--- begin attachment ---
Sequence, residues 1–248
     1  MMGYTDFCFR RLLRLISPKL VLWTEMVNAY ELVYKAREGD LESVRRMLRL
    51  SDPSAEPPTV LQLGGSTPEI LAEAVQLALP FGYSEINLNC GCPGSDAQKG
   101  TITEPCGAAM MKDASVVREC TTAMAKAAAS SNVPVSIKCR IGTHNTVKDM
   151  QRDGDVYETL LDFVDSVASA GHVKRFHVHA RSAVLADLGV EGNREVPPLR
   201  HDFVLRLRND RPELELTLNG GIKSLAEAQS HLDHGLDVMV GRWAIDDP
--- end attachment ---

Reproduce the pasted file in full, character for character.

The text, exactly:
Sequence, residues 1–248
     1  MMGYTDFCFR RLLRLISPKL VLWTEMVNAY ELVYKAREGD LESVRRMLRL
    51  SDPSAEPPTV LQLGGSTPEI LAEAVQLALP FGYSEINLNC GCPGSDAQKG
   101  TITEPCGAAM MKDASVVREC TTAMAKAAAS SNVPVSIKCR IGTHNTVKDM
   151  QRDGDVYETL LDFVDSVASA GHVKRFHVHA RSAVLADLGV EGNREVPPLR
   201  HDFVLRLRND RPELELTLNG GIKSLAEAQS HLDHGLDVMV GRWAIDDP